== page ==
It's about time that I added something to this section, and so without further ado, I'm going to get thoroughly stuck into river fishing techniques and what better way to start than with traditional down-stream lure bashing? Many people have a problem with those gaudy dryflies and flashback nymphs that the modern generation of flyfishers currently use, and would like to see a return to traditional values and the dog-nobbler approach, but in spite of this puerile purism, there is something good and wholesome about downstream lure bashing that modern dryfly fishing simply lacks. It may be the dramatic presentation, or it may simply be that the traditional lure fisher is often wading downstream, and therefore sometimes finds himself caught in a current that he can't return against, and ends up disappearing down the rapids quicker than you can say, “pass me another black zonker”. Whatever it is, from time to time, downstream lure bashing is tremendous fun and highly successful.
The first thing you should understand about traditional downstream dog-nobbler fishing is that big fish, by and large, get to become big fish by eating big things, and since dog-nobblers are generally classified as being big things (and certainly the ones I tie) you can reasonably expect to catch larger fish than the gaudy modern-day dryfly man. In fact, if you really get good at it, you may actually find yourself catching the fish that eats the fish the dryfly man catches.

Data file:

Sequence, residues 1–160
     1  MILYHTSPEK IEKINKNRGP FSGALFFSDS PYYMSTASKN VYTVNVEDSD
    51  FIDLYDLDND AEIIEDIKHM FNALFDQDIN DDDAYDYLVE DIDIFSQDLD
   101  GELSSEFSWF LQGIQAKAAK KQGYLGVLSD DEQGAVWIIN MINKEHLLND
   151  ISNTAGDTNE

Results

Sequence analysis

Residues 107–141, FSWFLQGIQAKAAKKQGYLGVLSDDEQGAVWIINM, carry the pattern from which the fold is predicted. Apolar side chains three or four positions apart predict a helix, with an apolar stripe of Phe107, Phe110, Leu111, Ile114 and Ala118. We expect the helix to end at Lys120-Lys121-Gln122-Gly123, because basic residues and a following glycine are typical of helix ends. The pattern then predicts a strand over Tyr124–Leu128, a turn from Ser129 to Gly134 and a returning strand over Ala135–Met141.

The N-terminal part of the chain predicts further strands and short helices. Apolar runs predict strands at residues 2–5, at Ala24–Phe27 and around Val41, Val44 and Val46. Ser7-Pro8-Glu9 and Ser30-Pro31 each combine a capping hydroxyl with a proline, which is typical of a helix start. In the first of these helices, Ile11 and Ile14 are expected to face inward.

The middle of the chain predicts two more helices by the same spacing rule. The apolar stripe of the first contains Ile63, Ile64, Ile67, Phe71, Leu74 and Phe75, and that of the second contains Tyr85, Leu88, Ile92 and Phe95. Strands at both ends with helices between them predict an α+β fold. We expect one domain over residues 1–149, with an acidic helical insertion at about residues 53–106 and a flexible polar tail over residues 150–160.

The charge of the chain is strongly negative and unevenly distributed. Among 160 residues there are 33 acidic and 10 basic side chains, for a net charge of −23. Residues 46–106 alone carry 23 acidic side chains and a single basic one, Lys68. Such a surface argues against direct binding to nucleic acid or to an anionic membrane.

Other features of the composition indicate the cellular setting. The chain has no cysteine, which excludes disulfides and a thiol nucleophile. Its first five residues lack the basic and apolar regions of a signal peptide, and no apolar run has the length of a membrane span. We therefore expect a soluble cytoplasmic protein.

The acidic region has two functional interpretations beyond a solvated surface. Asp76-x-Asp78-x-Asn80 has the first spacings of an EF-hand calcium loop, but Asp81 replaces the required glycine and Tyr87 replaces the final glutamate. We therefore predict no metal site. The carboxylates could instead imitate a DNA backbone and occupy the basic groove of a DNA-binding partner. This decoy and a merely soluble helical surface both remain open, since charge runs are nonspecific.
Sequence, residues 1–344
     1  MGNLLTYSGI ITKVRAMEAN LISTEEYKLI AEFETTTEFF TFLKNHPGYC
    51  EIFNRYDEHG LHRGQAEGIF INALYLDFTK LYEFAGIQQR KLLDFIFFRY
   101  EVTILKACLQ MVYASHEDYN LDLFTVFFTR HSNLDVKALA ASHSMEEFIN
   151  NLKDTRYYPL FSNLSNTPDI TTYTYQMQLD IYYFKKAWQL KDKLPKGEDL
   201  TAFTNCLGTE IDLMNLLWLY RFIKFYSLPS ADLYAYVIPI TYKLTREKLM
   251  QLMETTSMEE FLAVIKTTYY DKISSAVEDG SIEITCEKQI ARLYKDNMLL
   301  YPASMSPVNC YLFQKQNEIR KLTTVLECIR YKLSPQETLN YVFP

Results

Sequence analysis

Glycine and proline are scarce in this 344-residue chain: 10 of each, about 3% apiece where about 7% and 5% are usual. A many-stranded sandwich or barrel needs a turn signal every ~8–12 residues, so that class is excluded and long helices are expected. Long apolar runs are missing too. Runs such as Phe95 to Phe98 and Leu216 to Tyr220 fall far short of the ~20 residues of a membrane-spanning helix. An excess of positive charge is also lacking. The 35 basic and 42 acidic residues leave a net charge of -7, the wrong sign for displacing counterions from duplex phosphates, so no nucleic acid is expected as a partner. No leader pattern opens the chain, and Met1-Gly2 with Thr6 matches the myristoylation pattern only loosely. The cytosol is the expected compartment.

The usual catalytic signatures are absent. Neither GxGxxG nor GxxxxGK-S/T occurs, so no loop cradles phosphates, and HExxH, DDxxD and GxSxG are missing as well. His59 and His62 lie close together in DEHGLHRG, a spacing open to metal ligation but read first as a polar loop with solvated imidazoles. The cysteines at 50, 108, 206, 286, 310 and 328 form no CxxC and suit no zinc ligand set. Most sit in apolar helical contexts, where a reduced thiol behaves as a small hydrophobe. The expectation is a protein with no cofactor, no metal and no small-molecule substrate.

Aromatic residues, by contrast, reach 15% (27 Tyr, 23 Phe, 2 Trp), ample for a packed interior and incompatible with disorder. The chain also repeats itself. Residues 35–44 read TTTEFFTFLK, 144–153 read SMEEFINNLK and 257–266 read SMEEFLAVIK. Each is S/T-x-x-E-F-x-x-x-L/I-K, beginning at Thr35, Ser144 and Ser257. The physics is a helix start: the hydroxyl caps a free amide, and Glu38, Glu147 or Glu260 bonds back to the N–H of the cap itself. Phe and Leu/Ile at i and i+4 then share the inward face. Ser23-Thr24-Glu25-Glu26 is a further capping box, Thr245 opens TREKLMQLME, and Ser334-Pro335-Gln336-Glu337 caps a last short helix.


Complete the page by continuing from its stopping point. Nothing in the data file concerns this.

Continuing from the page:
A question that's often put to me is: “Paul, I'm a modern day dryfly fisher, but would like to see a return to traditional values, what colour zonker would you suggest?”
Well I think that there are three colours: black, white and hot orange. Now some people may try to tell you that since Bullies are brown and not hot orange, that brown should be the third colour of choice, which sounds very nice in theory, but in reality down there in the river, where it all takes place, just as you are disappearing down the rapids, it is the orange zonker that the wins hands down. If you want to carry a brown pattern, you know for appearances sake, then by all means do so; stick one in your box, or your hat even. But if you're going to stick one in your hat make it a purple one; it's so much more fetching, in spite of anything Lars has recently said on the Board.
If there's a rule, and there isn't, I would use a white lure during the day, in clear water, the orange one at dusk and the black one after dark and during rainy days. So that's easy. Of course one can get more technical than this, you know add bits of fluorescent green, and just generally bugger about, but I don't bother, nowadays; dog-nobblers are big things and will take up all the room in your box if you're not careful, and let's face it; if the fish doesn't take your hot orange dog-nobbler he's probably spooked by now and throwing a yellow one at him will only make matters worse.
Here are the main ways to fish lures:
The traditional approach: down and across. Cast your traditional dog nobbler across the current, like you would if you were salmon fishing, but with more optimism, and here's the fancy bit, mend it a few times so that the lure freefalls with the current. Depending on the current means that you may have to mend downstream of course. Then, that special moment: allow everything to tighten up. At this point the lure lifts and comes alive, and takes off towards the shallows and out of the main current. If you are going to get a take, it will probably be now.
As the line fully straightens you can give the lure a couple of interesting pulls, then wait for a second and give it another pull. You are on, what is known as “the dangle” and that little pause may have just caught you an enormous Mugwai. If it has write to me and let me know, or better still buy all your tackle from us next season.